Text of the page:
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Monday, July 8, 2013

Season 8, Episode 2: "Every Silver Lining..." Review by Emily Sofia!

It’s been said that every cloud has a silver lining. So wherever we find some radiant silver beam, is there a storm cloud hitching a brooding ride? If you’re ready to dive into the thick of the fine hurricane that was tonight’s latest Dexter, “Every Silver Lining…”, skip the jump and let’s dance to the beat of the drum! 
“Every Silver Lining…” – Meet Your Maker, Dexter Morgan


Just when you think you know yourself… a smooth-tongued, cool-blooded neuropsychiatrist with a particularly warm interest in you sweeps into the debriefing room and starts to peel your skin back with knowing fingers. It feels a bit strange—a little more than enough to raise the hair on the back of your neck and set the room spinning—but what can you do about it without rocking the boat? It’s hard not to do something, though, when you suddenly find a gleaming pair of eyes set on you that know more about you than you know yourself… more about you than the person who knew you more than you knew yourself. Somebody set themselves to playing god and decided to render you a canvas for their creative vision. And here she is now, playing back the old “tapes” of your dear old dad in a state of disrepair over what you seem to be evolving into.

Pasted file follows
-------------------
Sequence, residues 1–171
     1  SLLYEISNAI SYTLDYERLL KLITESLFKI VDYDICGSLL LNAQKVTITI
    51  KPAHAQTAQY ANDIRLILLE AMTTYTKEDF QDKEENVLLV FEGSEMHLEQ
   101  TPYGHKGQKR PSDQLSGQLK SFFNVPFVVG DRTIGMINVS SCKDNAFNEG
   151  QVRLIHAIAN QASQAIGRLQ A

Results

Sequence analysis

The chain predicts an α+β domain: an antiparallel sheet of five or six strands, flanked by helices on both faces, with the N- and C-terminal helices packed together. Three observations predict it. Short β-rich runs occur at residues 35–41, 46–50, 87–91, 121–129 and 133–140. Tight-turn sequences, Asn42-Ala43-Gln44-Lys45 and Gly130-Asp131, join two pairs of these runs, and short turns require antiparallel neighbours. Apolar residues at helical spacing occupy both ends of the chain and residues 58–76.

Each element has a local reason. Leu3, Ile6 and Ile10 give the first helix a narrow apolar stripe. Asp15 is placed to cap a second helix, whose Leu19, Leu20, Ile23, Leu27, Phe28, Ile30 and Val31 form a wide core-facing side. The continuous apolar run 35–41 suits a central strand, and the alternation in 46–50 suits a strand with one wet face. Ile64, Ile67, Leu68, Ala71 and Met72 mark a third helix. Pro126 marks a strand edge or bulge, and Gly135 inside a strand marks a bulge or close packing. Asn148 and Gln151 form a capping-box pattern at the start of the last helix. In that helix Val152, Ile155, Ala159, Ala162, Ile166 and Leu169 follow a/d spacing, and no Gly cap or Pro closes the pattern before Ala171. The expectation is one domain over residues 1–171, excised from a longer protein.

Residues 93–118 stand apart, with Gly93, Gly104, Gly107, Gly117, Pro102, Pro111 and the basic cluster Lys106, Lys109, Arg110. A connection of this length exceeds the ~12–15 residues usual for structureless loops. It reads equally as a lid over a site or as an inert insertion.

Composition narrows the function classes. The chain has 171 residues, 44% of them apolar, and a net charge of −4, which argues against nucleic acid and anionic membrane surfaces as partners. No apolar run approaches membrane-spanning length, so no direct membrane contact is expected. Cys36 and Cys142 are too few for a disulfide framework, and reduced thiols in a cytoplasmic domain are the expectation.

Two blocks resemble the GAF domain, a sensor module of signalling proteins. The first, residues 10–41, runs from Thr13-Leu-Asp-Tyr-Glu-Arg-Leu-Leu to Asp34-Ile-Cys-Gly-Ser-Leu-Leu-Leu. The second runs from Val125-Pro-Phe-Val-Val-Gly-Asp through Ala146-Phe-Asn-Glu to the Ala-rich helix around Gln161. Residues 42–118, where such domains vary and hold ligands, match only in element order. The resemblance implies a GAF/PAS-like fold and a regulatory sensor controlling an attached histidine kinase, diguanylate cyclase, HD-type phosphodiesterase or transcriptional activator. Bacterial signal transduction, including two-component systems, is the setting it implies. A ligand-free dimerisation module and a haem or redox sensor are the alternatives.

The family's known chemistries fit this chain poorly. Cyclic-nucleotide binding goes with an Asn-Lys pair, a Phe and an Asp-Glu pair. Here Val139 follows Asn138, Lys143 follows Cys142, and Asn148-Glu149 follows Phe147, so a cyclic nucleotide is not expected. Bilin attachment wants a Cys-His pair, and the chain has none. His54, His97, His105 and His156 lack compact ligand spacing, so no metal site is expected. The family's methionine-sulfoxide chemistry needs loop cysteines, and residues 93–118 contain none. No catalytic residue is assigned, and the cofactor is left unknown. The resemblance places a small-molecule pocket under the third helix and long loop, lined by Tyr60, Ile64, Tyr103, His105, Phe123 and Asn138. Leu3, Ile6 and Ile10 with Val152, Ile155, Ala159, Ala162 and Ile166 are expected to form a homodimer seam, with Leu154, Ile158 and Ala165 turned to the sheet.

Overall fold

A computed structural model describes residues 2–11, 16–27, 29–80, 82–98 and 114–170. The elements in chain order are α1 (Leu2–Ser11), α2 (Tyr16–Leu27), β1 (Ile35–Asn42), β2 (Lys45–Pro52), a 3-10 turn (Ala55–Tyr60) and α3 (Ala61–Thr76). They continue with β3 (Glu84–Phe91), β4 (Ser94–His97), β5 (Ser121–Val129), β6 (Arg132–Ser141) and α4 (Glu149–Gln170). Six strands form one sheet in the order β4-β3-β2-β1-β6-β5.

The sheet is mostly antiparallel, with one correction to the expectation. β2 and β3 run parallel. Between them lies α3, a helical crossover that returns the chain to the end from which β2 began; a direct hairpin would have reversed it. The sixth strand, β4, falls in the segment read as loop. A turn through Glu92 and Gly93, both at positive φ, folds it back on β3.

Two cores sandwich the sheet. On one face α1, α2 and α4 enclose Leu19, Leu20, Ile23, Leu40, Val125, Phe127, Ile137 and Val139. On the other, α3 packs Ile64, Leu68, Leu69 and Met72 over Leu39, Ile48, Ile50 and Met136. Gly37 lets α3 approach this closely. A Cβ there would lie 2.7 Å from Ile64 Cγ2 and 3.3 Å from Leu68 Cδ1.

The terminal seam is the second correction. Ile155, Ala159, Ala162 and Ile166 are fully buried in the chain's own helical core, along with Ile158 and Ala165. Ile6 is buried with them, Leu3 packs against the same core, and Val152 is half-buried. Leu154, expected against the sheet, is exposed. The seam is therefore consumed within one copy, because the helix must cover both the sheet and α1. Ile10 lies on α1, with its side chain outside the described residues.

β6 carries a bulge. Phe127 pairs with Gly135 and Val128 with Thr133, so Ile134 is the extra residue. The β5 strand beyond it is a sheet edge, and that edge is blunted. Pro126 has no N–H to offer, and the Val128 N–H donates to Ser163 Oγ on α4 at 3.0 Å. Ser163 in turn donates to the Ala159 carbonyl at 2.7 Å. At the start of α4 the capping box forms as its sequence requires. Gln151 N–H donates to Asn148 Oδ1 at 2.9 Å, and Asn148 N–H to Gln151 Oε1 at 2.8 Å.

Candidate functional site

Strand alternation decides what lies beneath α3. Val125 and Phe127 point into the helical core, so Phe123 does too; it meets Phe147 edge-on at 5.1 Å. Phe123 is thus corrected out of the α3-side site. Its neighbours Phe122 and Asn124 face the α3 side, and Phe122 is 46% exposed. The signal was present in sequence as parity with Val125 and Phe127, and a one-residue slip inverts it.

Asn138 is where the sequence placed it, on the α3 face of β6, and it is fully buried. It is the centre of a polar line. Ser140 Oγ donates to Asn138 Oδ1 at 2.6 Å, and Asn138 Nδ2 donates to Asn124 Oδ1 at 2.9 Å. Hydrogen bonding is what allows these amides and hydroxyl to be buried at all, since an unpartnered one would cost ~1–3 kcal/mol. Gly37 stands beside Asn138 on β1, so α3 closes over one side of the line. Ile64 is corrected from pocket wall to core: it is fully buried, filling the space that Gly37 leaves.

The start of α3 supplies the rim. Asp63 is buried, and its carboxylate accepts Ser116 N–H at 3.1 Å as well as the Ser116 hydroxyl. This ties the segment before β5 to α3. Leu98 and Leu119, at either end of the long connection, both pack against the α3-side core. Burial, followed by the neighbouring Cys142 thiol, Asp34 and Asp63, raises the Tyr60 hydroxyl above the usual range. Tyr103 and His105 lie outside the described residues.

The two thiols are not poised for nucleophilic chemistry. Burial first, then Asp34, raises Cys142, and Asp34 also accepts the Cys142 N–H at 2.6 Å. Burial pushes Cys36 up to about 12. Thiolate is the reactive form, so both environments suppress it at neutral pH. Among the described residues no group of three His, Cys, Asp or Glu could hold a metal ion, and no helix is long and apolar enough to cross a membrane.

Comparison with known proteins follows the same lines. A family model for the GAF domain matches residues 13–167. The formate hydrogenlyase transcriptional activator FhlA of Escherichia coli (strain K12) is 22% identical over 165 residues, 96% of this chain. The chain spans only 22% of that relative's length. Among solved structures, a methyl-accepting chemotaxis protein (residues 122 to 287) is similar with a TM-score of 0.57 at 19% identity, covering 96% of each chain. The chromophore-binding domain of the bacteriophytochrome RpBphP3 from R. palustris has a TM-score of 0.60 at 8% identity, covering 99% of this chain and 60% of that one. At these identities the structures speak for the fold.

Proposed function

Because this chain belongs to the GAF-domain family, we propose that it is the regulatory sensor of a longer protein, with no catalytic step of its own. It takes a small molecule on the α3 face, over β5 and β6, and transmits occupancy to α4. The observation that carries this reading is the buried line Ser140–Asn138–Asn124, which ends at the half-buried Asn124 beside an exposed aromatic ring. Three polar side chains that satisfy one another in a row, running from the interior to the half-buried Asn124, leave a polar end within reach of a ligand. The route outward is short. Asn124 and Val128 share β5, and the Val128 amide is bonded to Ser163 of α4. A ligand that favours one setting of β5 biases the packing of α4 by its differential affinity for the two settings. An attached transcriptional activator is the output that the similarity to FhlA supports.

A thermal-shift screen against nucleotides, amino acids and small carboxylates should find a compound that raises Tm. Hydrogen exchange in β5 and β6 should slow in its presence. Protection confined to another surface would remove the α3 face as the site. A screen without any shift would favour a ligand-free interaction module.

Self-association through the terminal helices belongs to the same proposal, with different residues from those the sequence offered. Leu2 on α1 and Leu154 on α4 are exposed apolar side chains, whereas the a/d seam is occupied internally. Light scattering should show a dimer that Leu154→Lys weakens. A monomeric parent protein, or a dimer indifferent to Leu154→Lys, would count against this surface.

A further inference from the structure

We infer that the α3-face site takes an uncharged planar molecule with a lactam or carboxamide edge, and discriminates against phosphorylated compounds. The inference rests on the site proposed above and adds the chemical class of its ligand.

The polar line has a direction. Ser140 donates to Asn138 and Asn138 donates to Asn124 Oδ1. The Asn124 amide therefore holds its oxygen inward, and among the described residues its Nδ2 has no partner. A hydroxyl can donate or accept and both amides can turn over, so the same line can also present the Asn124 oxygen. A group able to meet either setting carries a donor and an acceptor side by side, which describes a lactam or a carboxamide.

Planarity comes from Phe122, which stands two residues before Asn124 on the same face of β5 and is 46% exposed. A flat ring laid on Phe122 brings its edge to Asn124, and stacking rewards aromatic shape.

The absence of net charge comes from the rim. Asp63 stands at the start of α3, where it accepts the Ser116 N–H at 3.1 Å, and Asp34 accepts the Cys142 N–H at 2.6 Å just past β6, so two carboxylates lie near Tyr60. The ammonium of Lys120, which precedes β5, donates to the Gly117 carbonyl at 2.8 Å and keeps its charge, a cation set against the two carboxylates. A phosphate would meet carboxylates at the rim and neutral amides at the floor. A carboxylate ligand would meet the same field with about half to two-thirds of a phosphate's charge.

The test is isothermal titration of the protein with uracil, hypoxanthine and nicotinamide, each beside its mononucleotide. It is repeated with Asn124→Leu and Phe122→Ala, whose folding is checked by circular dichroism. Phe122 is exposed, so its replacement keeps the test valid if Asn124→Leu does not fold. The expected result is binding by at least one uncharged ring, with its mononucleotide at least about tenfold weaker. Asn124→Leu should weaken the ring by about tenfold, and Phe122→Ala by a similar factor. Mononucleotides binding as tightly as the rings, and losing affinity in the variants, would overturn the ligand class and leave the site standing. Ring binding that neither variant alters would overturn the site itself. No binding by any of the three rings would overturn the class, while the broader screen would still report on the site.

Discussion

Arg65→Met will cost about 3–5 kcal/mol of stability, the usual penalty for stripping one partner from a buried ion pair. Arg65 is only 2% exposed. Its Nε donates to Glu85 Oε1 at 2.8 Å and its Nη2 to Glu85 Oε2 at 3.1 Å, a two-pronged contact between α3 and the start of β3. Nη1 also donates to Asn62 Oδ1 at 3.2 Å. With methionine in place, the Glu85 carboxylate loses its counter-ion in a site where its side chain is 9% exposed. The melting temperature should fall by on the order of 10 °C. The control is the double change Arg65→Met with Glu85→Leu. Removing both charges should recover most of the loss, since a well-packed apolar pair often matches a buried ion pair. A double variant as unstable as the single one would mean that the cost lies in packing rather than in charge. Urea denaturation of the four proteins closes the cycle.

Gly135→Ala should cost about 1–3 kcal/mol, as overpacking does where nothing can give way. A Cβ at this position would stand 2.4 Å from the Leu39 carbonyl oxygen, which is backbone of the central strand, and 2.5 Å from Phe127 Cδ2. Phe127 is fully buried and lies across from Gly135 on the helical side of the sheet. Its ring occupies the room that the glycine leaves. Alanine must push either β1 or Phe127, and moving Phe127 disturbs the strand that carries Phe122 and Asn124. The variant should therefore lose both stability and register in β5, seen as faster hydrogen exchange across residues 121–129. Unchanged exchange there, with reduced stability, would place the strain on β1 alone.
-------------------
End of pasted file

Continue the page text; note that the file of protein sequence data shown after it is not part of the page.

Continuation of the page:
Here is where we find our emotive, unstable Dexter at the episode’s shocking instigation: un-knowing himself just a little bit more. If Debra’s arctic-cold shoulder wasn’t enough to shake his already shoddy self-perception, he’s getting a good meltdown now. (It’s important to note that Michael C. Hall was the director of this episode—his first time ever on the other side of the camera, and might I just say he KILLED it in a way that involved fewer knives and more “ACTION!”-s and “CUT!”-s… yeah, there’s a bit of irony there. I walked right into that one!) What was particularly striking to me about this scene was the fact that we—as an audience, and even Dexter himself can be included here—have never seen Harry Morgan in a state such as this. He’s carried himself about Dexter as a voice of divine authority, carefully sealing up the “cracks” in Dexter’s person through which dangerous possibilities seem to shine through. We see ‘Dirty Harry’ broken. Scared. Like Dexter was when he lost Harry, as he admits later on to Vogel while on the hunt for the target Vogel has pushed Dexter’s way. Like Dexter is without Debra, now. Vulnerability is the prevailing state here. “What do we do?” Harry cries. Vogel, slow to judge and swift to vie on the side of the “unorthodox,” is ready to step in with the definitive answer. That answer is, in fact, the Code. Vogel’s tapes reveal just how much of an influence Vogel had over Harry and, consequently, Dexter himself—and Vogel reveals that influence not only to relish the opportunity to “mother” this adopted child of hers, but also to employ him in the task of protecting her from a former patient who leaves a rather scarring calling card.